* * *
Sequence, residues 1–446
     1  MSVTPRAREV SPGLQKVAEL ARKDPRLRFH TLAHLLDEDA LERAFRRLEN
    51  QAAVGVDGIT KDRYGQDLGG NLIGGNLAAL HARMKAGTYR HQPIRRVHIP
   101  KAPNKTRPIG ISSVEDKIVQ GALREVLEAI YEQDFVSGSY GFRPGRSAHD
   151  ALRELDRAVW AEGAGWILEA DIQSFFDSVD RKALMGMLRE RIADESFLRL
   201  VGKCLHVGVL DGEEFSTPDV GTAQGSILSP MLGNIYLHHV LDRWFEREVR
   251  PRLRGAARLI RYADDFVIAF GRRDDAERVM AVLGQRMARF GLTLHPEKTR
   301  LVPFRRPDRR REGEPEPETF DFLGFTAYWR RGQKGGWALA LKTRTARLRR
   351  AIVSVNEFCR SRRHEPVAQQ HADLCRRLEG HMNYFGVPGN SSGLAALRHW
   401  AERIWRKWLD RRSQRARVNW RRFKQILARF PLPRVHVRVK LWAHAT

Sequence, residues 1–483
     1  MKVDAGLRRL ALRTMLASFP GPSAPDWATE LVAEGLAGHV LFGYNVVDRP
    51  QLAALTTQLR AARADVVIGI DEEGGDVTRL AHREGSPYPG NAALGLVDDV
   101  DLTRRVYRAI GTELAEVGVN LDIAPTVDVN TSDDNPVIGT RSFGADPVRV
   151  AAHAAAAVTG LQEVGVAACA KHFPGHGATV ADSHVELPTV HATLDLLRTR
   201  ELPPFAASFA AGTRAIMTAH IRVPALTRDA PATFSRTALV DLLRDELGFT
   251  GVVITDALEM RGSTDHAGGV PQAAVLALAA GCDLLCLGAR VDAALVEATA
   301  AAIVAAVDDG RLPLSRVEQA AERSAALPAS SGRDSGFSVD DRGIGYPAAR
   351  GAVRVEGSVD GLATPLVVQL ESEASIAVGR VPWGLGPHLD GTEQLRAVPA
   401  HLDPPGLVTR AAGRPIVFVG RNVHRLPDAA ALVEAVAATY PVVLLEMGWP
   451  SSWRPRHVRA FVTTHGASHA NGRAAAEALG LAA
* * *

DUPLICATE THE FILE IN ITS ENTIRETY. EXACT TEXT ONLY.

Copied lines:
Sequence, residues 1–446
     1  MSVTPRAREV SPGLQKVAEL ARKDPRLRFH TLAHLLDEDA LERAFRRLEN
    51  QAAVGVDGIT KDRYGQDLGG NLIGGNLAAL HARMKAGTYR HQPIRRVHIP
   101  KAPNKTRPIG ISSVEDKIVQ GALREVLEAI YEQDFVSGSY GFRPGRSAHD
   151  ALRELDRAVW AEGAGWILEA DIQSFFDSVD RKALMGMLRE RIADESFLRL
   201  VGKCLHVGVL DGEEFSTPDV GTAQGSILSP MLGNIYLHHV LDRWFEREVR
   251  PRLRGAARLI RYADDFVIAF GRRDDAERVM AVLGQRMARF GLTLHPEKTR
   301  LVPFRRPDRR REGEPEPETF DFLGFTAYWR RGQKGGWALA LKTRTARLRR
   351  AIVSVNEFCR SRRHEPVAQQ HADLCRRLEG HMNYFGVPGN SSGLAALRHW
   401  AERIWRKWLD RRSQRARVNW RRFKQILARF PLPRVHVRVK LWAHAT

Sequence, residues 1–483
     1  MKVDAGLRRL ALRTMLASFP GPSAPDWATE LVAEGLAGHV LFGYNVVDRP
    51  QLAALTTQLR AARADVVIGI DEEGGDVTRL AHREGSPYPG NAALGLVDDV
   101  DLTRRVYRAI GTELAEVGVN LDIAPTVDVN TSDDNPVIGT RSFGADPVRV
   151  AAHAAAAVTG LQEVGVAACA KHFPGHGATV ADSHVELPTV HATLDLLRTR
   201  ELPPFAASFA AGTRAIMTAH IRVPALTRDA PATFSRTALV DLLRDELGFT
   251  GVVITDALEM RGSTDHAGGV PQAAVLALAA GCDLLCLGAR VDAALVEATA
   301  AAIVAAVDDG RLPLSRVEQA AERSAALPAS SGRDSGFSVD DRGIGYPAAR
   351  GAVRVEGSVD GLATPLVVQL ESEASIAVGR VPWGLGPHLD GTEQLRAVPA
   401  HLDPPGLVTR AAGRPIVFVG RNVHRLPDAA ALVEAVAATY PVVLLEMGWP
   451  SSWRPRHVRA FVTTHGASHA NGRAAAEALG LAA